Tag Archives: credit unions

Ten Hungarian banks failed within one year

A couple of days ago George/György Lázár, a frequent contributor to Hungarian- and English-language publications, wrote a witty article in Galamus with the title “Isn’t it odd? Only Hungarian-owned banks go under.” Indeed, Lázár is correct. Since January 2014 ten banks had to be liquidated, and all ten were owned by Hungarians.

The first to bite the dust was the Körmend és Vidéke Takarékszövetkezet, which had to close its doors in January 2014. The Hungarian National Bank fined the bank’s former president and chief operating officer fifteen million forints for his irresponsible handling of the bank’s affairs. Taxpayer money was used to make the bank’s depositors and creditors whole.

A few months later, in June 2014, the largest credit union, the Orgovány és Vidéke Takarékszövetkezet, went bankrupt. Today Imre G., the credit union’s chief operating officer, and two other employees of the bank are in custody.

In August the Alba Takarékszövetkezet lost its right to operate. The bank was woefully short on capital, and the Szövetkezeti Hitelintézetek Integrációs Szervezete (SZHISZ), the supervising authority of the credit unions, found serious irregularities in the everyday running of the bank.

In November the operating license of the Széchenyi István Hitelszövetkezet was withdrawn. The bank had been losing money for years. The regulators told the bank’s managers to raise capital, which, it seems, they were unable to do.

In December the Tisza Takarékszövetkezet had to end its activities after the regulators found serious irregularities in the conduct of the management.

If you think that only Hungarian credit unions have financial problems, you are wrong. The Hungarian National Bank withdrew the operating license of the Széchenyi Kereskedelmi Bank on December 5, 2014, an event that even Bloomberg reported. The owners of the bank were István Töröcskei (51%) and the Hungarian state (49%). Töröcskei’s name cropped up earlier in the case of the Széchenyi István Hitelszövetkezet, at which time certain opposition politicians demanded that he resign his post as head of the Államadósság Kezelő Központ (ÁKK), the office that manages the country’s debt load. At that time, however, Töröcskei convinced his superiors that he had nothing to do with the demise of the credit union, of which he was “only a trustee.”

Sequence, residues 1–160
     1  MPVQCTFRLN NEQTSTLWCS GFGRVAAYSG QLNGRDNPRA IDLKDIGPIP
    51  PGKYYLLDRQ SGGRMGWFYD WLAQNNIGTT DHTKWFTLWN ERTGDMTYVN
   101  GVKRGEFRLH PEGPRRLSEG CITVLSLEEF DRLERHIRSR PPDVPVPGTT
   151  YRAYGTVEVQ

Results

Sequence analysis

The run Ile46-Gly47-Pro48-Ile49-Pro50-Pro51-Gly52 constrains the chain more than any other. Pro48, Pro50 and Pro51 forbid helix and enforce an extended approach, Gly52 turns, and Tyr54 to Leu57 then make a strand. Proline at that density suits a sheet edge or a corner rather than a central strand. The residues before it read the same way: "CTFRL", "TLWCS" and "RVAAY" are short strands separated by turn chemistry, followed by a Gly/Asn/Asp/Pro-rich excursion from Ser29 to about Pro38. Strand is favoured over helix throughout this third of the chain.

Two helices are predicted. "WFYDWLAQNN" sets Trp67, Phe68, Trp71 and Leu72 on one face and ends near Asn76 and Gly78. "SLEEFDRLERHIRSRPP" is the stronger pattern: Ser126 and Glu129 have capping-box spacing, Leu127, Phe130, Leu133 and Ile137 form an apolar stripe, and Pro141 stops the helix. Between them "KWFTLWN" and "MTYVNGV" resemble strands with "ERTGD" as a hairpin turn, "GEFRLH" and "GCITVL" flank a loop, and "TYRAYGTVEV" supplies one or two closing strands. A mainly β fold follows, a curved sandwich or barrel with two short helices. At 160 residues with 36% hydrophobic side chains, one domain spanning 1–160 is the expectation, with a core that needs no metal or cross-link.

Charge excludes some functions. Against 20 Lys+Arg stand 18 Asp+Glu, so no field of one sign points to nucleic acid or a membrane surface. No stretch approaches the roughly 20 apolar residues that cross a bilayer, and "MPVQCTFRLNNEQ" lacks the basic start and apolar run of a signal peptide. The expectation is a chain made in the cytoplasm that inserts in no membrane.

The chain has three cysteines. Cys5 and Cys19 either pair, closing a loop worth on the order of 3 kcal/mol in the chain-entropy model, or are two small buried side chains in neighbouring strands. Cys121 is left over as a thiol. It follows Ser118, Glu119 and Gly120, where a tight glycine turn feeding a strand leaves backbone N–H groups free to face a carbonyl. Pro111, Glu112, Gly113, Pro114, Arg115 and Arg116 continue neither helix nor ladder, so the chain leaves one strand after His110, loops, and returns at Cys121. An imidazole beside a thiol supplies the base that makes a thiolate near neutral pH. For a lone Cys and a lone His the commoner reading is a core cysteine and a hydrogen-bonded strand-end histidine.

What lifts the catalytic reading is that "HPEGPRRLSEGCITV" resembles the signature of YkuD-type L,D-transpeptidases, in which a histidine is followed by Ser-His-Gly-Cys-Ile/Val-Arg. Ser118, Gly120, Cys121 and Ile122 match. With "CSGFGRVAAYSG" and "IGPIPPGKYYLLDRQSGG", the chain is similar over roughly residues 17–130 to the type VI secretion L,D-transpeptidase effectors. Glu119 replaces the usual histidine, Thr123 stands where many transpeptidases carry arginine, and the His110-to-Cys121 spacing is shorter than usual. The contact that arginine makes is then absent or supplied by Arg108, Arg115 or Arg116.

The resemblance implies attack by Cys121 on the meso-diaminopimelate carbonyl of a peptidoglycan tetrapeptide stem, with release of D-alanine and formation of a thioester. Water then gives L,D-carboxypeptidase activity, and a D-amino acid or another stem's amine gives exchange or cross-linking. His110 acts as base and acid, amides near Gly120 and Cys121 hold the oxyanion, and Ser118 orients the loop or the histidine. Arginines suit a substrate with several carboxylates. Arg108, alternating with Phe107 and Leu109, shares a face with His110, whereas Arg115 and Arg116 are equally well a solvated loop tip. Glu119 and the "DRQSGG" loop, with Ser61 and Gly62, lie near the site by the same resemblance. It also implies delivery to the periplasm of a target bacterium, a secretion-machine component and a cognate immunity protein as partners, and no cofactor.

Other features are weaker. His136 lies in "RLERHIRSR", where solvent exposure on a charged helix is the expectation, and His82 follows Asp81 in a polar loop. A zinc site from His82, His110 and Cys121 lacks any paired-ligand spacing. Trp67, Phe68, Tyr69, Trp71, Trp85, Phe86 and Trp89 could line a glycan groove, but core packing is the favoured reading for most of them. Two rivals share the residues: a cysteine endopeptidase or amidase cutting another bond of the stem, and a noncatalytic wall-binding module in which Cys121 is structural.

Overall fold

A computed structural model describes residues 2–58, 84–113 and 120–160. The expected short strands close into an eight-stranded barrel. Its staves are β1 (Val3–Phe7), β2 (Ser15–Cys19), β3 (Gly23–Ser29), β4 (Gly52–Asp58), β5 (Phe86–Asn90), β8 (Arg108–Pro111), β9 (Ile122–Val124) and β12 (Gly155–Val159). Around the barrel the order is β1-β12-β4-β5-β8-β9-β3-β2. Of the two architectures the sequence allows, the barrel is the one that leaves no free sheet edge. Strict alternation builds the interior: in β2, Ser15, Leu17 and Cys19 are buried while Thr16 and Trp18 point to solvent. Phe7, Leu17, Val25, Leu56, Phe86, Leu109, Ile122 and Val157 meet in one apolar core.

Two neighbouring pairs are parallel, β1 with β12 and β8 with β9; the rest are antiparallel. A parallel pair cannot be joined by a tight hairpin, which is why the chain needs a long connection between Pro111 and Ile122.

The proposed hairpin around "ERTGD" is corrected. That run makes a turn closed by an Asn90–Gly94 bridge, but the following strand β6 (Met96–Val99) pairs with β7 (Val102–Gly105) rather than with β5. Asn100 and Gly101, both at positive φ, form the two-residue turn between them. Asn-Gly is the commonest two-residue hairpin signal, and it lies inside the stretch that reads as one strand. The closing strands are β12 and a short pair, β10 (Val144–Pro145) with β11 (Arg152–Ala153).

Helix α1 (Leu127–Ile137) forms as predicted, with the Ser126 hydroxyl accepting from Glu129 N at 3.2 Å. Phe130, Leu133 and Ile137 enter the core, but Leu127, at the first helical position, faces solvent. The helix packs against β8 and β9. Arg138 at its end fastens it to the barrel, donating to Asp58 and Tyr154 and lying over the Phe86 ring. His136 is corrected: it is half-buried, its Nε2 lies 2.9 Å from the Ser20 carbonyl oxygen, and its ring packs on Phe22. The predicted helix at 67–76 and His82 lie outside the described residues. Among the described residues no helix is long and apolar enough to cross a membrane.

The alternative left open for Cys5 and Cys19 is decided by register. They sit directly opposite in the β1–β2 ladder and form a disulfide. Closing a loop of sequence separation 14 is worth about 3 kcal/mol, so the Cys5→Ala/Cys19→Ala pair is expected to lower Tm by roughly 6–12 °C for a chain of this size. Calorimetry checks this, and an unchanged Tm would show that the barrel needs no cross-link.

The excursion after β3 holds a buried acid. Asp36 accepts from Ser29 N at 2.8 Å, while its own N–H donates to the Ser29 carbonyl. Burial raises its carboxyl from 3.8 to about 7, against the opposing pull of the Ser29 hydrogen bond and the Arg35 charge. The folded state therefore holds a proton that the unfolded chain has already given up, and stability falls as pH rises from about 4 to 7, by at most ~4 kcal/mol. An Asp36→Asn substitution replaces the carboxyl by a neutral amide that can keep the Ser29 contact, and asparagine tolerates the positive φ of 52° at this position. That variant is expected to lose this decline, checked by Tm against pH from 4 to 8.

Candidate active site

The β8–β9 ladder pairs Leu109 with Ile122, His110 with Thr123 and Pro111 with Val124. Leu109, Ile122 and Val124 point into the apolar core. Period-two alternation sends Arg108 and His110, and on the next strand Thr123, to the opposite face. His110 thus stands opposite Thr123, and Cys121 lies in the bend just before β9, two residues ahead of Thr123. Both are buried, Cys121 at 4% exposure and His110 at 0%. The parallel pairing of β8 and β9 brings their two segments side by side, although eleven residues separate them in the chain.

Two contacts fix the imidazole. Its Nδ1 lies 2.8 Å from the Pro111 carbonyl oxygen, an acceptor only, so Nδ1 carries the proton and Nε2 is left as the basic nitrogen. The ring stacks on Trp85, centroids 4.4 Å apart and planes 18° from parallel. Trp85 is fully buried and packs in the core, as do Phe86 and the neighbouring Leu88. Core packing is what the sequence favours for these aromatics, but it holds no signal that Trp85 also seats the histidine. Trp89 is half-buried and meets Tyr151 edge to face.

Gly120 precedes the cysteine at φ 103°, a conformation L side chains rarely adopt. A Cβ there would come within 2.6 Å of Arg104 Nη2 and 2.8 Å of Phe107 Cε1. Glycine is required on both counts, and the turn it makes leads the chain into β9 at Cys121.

The Széchenyi Kereskedelmi Bank has a colorful history. It was established in 2008 in the Cayman Islands as SPE Bank, with two billion forints in capital. In 2010 the original owner sold the bank to István Töröcskei and Imre Boros, who changed its name to Helikon Bank and, a month later, to Széchenyi Bank. Imre Boros had worked for years in the Hungarian National Bank during the Kádár regime. After 1990 he became a member of the Magyar Demokrata Fórum (MDF), and since the first Orbán government (1998-2002) was a coalition government, he became minister without portfolio. In 2002, after revelations that he was an agent employed by the secret service of the Kádár regime, he was dismissed from the party. Nowadays, Boros is a weekly participant in a program on the extreme right-wing Echo TV, where he masquerades as an economic expert. I should add that Töröcskei is part owner of Echo TV. In the summer of 2013 the Ministry of National Economy, i.e. the Hungarian state, bought a 49% stake in the bank for three billion forints. A year and a half after the Hungarian government found the investment so enticing, the bank went belly up.

István Töröcskei was a favorite of the current government. Why? Well, it all started back when Töröcskei was part owner of Széchenyi Hitelszövetkezet. He gave a sizable loan to Viktor Orbán to start his football academy in Felcsút. Ever since, Orbán has been supportive of Töröcskei. First, he made sure that he was appointed to head ÁKK, then he allowed him to convert his credit union into a bank before the nationalization of all the credit unions. And he allowed the ministry of national economy to sink three billion forints into Töröcskei’s bank.

István Töröcskei / Source: Magyar Hírlap